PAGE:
Rainforest / Seven for a secret, never to be told / Elysian Fields

Choreography by Merce Cunningham, Mark Baldwin, Javier de Frutos
Rambert Dance Company
Sadler's Wells and touring

Seven for a secret, never to be told production photo

Two premieres, one London, one world, and a golden oldie - the oldie wins hands down. Merce Cunningham's Rainforest (1968) brings out the best performances of the evening from Rambert's lovely dancers: Dane Hurst's big bird, Pieter Symonds' mighty ape, Estela Merlos' dainty darting creature and many more. Exploring the possibilities, and impossibilities, of movement, the joy of being alive.

Animals nuzzle, slither, flick, jump, swing from branch-strong arms, insert and assert themselves in groups, in self-centred solos, duets, and trios. Andy Warhol's silver helium-filled pillows behave impressively well. One is accidentally punctured - adding a little surprise sound to David Tudor's electro-acoustic rainforest screeches and mysterious animal calls.

Learning through play is the starting point of Mark Baldwin's Seven for a secret, never to be told - taken from the children's nursery rhyme about mischievous magpies.

If Rainforest brings Lewis Carroll's Jabberwocky ("Twas brillig, and the slithy toves did gyre and gimble in the wabe") to mind, then Baldwin's Seven is a mix of bedtime stories from the past. Enid Blyton, Alice, and Peter Pan set in the tropical colonies amongst magical green hanging fronds.

Inspired by, and much borrowed from, Ravel's 1925 opera, L'enfant et les sortilèges, Stephen McNeff's score references the period with waltzes, tea dances, saxophones and trombones. Some years ago Jirí Kylián and NDT did a ballet version of the original Ravel opera - here was visual imagination, surreal, fantastic. Baldwin goes for sentimentality.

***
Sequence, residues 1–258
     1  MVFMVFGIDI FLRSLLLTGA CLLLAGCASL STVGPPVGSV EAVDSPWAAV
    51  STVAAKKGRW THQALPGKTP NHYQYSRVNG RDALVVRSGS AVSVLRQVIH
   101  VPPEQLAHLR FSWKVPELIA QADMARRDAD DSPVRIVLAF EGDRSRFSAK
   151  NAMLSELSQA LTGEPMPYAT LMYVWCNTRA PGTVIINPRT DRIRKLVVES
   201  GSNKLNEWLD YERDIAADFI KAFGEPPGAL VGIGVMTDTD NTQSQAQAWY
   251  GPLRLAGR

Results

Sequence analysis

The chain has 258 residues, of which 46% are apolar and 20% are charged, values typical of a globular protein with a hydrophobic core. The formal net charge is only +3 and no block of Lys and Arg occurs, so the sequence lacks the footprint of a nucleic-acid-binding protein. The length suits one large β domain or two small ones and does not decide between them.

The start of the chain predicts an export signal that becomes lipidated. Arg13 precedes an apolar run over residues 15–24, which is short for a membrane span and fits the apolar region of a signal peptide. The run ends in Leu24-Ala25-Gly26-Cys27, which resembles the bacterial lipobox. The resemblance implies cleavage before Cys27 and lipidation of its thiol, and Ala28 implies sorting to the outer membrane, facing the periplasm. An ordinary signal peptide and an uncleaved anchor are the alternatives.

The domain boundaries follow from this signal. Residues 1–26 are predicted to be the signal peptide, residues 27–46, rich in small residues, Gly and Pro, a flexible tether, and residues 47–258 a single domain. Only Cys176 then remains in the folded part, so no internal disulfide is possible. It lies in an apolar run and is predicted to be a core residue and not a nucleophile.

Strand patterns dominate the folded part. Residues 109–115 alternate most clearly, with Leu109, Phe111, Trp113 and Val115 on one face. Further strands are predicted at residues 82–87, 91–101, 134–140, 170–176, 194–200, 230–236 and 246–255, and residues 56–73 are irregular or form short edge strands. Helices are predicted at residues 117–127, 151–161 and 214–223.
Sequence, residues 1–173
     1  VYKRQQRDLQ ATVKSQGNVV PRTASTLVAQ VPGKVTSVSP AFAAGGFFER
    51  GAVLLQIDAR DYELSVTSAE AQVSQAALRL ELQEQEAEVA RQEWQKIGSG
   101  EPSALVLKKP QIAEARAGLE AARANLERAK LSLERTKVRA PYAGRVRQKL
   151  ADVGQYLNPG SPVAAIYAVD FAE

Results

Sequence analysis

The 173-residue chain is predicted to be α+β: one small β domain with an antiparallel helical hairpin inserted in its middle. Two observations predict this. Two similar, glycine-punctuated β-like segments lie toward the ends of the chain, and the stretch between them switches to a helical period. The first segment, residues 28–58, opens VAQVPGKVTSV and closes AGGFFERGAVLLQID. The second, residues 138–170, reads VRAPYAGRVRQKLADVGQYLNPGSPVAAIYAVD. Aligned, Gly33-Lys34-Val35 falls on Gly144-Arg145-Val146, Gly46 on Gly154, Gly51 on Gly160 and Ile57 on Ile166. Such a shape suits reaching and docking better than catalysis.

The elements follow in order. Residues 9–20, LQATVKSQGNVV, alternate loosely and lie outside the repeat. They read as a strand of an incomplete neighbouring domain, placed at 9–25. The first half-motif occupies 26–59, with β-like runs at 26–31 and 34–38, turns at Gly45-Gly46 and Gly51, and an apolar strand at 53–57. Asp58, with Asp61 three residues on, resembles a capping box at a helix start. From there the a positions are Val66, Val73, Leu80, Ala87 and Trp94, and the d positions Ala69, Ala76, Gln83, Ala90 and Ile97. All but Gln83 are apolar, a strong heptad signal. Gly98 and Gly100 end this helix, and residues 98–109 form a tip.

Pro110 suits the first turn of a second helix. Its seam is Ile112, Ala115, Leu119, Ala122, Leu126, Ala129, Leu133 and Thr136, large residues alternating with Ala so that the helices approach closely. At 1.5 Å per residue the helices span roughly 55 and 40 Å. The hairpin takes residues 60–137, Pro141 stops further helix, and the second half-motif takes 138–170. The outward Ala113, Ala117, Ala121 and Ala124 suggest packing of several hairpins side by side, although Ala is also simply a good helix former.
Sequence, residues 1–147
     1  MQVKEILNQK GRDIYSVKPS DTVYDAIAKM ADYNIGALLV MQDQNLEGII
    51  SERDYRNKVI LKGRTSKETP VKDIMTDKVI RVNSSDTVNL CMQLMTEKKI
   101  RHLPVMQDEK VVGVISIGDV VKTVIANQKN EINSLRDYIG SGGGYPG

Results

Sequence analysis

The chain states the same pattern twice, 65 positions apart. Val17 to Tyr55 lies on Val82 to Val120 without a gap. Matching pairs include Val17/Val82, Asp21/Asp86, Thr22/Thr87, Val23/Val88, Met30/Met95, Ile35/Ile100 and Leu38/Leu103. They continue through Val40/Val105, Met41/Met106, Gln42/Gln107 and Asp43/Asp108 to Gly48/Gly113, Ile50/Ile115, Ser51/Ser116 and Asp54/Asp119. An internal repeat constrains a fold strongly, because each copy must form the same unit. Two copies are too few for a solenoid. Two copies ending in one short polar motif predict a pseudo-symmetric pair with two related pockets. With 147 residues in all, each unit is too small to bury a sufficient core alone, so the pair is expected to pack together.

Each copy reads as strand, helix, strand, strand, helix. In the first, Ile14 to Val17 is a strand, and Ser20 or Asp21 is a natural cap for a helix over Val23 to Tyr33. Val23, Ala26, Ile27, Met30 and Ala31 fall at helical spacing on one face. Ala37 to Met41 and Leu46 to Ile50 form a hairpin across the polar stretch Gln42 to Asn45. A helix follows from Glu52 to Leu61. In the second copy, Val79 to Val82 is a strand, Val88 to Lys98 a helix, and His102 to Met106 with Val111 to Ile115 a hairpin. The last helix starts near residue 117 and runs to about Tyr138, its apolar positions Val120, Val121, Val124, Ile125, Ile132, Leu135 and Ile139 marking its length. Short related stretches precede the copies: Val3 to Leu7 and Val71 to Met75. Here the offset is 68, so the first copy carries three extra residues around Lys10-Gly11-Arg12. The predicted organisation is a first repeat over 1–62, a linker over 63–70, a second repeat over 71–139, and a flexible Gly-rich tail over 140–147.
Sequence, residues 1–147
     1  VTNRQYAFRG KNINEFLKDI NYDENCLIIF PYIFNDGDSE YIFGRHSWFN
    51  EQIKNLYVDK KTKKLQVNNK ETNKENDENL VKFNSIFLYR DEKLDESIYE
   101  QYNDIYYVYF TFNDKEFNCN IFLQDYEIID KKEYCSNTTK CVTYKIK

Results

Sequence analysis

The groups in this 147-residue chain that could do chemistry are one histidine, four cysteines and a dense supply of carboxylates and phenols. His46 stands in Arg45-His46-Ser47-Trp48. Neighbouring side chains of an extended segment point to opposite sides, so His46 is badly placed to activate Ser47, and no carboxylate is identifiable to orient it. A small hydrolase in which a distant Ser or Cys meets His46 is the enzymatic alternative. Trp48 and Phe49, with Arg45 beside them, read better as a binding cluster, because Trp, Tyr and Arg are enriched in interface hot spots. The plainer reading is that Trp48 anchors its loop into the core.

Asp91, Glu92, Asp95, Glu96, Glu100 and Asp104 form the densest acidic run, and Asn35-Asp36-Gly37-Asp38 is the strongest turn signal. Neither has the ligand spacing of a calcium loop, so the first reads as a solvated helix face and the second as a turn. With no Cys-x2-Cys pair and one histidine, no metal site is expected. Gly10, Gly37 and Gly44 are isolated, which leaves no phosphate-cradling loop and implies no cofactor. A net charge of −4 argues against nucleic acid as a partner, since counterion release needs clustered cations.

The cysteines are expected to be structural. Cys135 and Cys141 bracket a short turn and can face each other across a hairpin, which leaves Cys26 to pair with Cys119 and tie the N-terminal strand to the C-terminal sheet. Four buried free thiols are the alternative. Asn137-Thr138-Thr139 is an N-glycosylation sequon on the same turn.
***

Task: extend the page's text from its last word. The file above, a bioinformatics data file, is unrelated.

Nostalgia for an imagined past - picnics on tartan rugs, teddy bears, pillow fights, leapfrog, dressing-up, pretend boxing matches, hand-made carts, boy scouts and girl guides, all very gender-defined, and cliché-ridden. A kinder age seen through rosy spectacles - the past is indeed a different safe country.

No terrible twos or troublesome threes, duets, trios, solos and group dance sweetly in Michael Howell's idyllic dreamscape, Michael Mannion's lighting changing mood and season - all is good clean fun, Dane Hurst a wonderful Sabu, bare-chested in khaki shorts.

Choreography for a family audience: charming music, well-behaved children, girls in frocks and boys in smart scout uniform, imaginary play with flowerpots and things, a perfect Disney-esque tale. Little drama, Ravel pacified, anyone for tea?

Girls will be girls and boys will be boys. But what do they turn into when they grow up. Tennessee Williams knew. Boys will secretly like boys, a bit of rough now and then, and hide behind girls. Death and sex, what else?

If this is a birthday centenary celebration of Tennessee Williams's poetry, the lyrical is missing in Javier de Frutos's choreography for Elysian Fields - the street on which Williams's A Streetcar Named Desire is set. Plenty of steamy southern drama, though, in intense clinches.

Alex North's 1951 A Streetcar Named Desire film score, adapted and arranged by Christopher Austin for the Rambert Orchestra, is, of course, tremendous - moody, evocative, sexy - speaks without words of human longing and desire, of sad failure and defeat.

So, de Frutos goes for words Why? Dancers speak and repeat the woman's story. She talks of the boy she married, only sixteen, his suicide, the disgust and shame of finding him in bed with an older man.

Pederasty, hardcore asphyxiating sex, men on men, they must never show their tender side. Women need to be beaten, too, keeps them keen. Rough trade is the floorshow.

Heat, scorching light (Michael Hulls washes the stage in reds, oranges, greens), men and women sit on Alice in Wonderland chairs, giant and tiny, black carved silhouettes, in semi-circle around a dance floor where the sultry cruel exchanges take place.

Animalistic men ashamed of their tender sexuality hiding behind macho stance, Javier de Frutos signals in banal aggressive dance. Destructive, violent, what happens when we grow up - we screw up? Is that it? Fallen angels?

Deliberate programming or accidental chance? Rambert has a scientist in residence, a specialist in child and corvid behaviour. Is evolutionary development the overarching theme of the triple bill?

A narrative of the human condition perhaps but innovative dance? The late Merce Cunningham upstages both Baldwin and de Frutos. And the Rambert dancers rise to the demands of his creativity.

At Sadler's Wells till 19th November 2011 then touring to Bradford, Plymouth, Newcastle, Aberdeen, Mold, Canterbury, Brighton

Reviewer: Vera Liber

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